The following post appears courtesy of Mary Lou Leary, Acting Assistant Attorney General for the Office of Justice Programs
Today, June 15, we mark World Elder Abuse Awareness Day, a moment for Americans and people around the world to learn about the abuse, neglect, and exploitation of some of our elders —and to commit ourselves to ending these crimes.
In recent years, our society has become painfully aware that vulnerable older adults face financial, physical, and psychological abuse. Most commonly they suffer at the hands of family members or caregivers on whom they are dependent, and are afraid to report the abuse. Or their fear or shame may cause them to believe that the abuse is a private, family matter. Low household income, unemployment, poor health, prior traumatic events, and low levels of social support all can increase the risk of mistreatment for older people. But we know from the suffering endured by the philanthropist Brooke Astor and the actor Mickey Rooney that money and fame offer no immunity against either physical or financial abuse.
This problem is compounded by the fact that the medical and criminal justice communities have no comprehensive forensic guidelines for identifying elder abuse. Financial exploitation of older adults has not been thoroughly studied because of problems with detection, conflicting definitions of the crime, and underreporting. Additionally, there is a lack of services that can help victims of elder abuse which further adds to the issue.
But a report issued this week by the Office of Justice Program’s Bureau of Justice Statistics gives some definitive statistical support for the pervasiveness of these crimes, and gives us a platform for further action. The report, Violent Crime against the Elderly Reported by Law Enforcement in Michigan, 2005-2009, found that half of violent victimizations of persons age 65 or older involved serious crimes such as murder, rape, sexual assault, robbery and aggravated assault.
Why Michigan? Currently, we have no national data system to capture information on elder abuse known to law enforcement. The FBI’s National Incident-Based Reporting System, however, collects such data from all law enforcement agencies in sixteen states, as well as from many local jurisdictions. So we can use this study of incidents of violent elder abuse in one state to improve our understanding of the extent of the problem nationwide.
The Michigan study found that a family member, most often a child or grandchild, was the perpetrator in half of violent crimes against the elderly. Nearly two-thirds of this abuse happened inside a residence, either a private home or group quarters such as a long-term care facility. Four out of 10 elderly victims of violence were physically injured during the incident, 6.5 percent of them seriously, and one percent of victims died as a result of the attack.
The Office of Justice Program (OJP) is working on many fronts to research the causes and effects of elder abuse, and to find evidence-based solutions to the problem. For example, elder abuse is one of the many kinds of victimizations encompassed by the Office for Victims of Crime’s “Vision 21.” Vision 21 is a major initiative designed to expand the capacity of victim assistance programs to meet both emerging and long-standing needs. Vision 21 looks beyond the raw numbers in the National Crime Victimization Survey to get a real picture of the victims, the services they receive—and to find out why some people ask for help and others do not. The OJP already knows, for example, that for every one case of elder abuse or neglect reported to authorities, about five more go unreported.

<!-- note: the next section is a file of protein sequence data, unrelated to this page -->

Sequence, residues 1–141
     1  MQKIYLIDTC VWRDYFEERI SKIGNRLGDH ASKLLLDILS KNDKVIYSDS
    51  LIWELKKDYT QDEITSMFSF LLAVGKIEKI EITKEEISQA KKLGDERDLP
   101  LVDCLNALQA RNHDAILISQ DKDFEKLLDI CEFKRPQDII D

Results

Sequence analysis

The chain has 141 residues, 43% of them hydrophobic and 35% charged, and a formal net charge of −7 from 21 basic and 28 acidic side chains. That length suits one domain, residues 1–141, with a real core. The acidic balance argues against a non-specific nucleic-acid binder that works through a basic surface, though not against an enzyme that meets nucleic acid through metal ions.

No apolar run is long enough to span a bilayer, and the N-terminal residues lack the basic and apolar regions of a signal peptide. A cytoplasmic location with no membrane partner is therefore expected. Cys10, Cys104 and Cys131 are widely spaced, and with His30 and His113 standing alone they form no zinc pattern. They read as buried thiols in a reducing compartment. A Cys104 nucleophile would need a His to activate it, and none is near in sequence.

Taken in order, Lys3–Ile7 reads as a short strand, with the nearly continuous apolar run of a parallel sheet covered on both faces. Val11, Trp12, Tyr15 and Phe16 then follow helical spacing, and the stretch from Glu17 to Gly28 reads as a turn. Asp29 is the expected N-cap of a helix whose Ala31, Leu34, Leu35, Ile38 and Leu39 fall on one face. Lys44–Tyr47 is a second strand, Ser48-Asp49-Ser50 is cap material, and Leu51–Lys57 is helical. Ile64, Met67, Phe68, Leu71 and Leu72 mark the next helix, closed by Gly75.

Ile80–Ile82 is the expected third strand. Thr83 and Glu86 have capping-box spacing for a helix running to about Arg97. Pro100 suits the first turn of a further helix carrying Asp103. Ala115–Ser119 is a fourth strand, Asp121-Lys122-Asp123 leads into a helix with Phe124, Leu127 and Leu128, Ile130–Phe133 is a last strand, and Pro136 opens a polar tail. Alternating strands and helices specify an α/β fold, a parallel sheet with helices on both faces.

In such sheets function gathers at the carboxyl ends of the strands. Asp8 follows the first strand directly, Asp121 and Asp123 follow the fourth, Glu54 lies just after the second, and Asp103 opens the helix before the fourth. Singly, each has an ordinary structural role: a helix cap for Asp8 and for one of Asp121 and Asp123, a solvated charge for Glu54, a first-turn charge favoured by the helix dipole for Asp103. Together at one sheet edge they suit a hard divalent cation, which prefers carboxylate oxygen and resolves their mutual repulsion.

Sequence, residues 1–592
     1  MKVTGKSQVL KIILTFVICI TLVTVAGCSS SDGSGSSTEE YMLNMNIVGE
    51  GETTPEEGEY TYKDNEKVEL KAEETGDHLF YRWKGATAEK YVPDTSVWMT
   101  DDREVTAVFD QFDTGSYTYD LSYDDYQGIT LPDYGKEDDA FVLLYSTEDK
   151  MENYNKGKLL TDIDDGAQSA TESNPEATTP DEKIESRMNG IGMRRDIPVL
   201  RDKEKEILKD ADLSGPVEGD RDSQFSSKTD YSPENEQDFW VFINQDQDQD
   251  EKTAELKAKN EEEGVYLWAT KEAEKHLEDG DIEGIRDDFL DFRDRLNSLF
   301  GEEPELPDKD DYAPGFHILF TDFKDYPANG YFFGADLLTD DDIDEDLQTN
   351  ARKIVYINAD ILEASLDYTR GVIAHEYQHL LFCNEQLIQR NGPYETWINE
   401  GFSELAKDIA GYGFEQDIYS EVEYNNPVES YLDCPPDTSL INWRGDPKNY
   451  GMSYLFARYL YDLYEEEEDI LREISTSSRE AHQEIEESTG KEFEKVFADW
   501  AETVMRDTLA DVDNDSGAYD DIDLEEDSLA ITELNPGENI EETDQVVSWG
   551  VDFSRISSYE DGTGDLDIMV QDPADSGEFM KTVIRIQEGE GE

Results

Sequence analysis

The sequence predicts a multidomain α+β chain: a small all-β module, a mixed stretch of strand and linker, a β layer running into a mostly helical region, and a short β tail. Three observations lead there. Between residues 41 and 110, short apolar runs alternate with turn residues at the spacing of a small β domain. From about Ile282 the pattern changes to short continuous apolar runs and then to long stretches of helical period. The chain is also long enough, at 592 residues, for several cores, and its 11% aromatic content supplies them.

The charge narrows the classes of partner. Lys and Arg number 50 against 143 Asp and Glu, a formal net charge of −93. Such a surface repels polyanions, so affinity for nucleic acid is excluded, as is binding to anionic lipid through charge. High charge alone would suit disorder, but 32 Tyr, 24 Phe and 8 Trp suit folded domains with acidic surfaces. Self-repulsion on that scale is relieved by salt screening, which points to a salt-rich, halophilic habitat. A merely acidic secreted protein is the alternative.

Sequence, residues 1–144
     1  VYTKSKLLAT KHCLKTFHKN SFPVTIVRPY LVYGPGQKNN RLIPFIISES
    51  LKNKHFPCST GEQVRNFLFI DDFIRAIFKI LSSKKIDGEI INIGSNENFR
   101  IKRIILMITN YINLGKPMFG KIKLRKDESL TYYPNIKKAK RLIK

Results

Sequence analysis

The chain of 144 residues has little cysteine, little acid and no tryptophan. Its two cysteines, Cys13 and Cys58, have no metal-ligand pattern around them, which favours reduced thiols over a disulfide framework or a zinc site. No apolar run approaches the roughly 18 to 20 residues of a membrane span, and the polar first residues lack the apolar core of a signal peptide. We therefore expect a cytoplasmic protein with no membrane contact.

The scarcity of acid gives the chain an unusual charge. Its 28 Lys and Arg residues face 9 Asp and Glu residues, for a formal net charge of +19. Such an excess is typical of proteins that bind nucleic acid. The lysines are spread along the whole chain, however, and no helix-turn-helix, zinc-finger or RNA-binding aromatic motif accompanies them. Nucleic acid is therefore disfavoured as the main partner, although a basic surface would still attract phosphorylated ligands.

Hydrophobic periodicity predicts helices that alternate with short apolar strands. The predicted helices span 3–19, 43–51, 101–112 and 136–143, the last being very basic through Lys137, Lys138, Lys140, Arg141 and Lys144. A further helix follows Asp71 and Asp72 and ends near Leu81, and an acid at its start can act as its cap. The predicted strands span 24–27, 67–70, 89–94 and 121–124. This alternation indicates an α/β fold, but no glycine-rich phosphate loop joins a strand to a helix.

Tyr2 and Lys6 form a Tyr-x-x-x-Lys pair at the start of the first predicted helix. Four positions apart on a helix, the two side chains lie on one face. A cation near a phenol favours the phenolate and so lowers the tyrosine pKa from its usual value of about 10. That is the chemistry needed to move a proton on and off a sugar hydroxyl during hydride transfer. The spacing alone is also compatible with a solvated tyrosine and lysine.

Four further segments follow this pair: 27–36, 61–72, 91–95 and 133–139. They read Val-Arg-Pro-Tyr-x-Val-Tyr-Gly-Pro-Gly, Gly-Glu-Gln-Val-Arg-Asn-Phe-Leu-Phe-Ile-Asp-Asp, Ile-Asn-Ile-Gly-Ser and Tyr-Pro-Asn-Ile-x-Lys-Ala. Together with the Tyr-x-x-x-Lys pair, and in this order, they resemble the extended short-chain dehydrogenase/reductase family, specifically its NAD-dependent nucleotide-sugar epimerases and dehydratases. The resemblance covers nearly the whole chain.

Meanwhile, the National Institute of Justice (NIJ) has been working for several years to identify promising practices and evaluate their effectiveness. During next week’s NIJ 2012 conference, Turning to Science: Enhancing Justice, Improving Safety, Reducing Costs, two panels on elder abuse will examine findings from NIJ-funded studies. One panel centers on abuse in residential care facilities. It looks at resident-to-resident mistreatment in six nursing homes in New York, and resident abuse from family and staff in a nationally representative sample of 5,000 nurses’ aides from 1,350 assisted-living facilities. The second panel highlights newly-developed screening tools for elder abuse, neglect and financial exploitation.
Furthermore, the Office on Violence Against Women (OVW) has recognized that the majority of people over the age of 85 are women. In order to address the needs of older victims, Congress created the Enhanced Training and Services to End Violence Against and Abuse of Women Later in Life Program – as part of the Violence Against Women Act. This year, the OVW will fund projects that support a comprehensive approach to addressing elder abuse that includes specialized training for criminal justice professionals, staff in government agencies, and victim service providers; training on recognizing and responding to violence for professionals working with older victims; enhancing services for older victims; and supporting a coordinated community response to elder abuse.
While we are making progress in our efforts to shed light on this often-hidden problem, it is terribly clear that we have much more to do. On this World Elder Abuse Awareness Day, I urge you to join the Justice Department in a commitment to ending elder abuse and to creating communities that safeguard and protect all of our vulnerable citizens.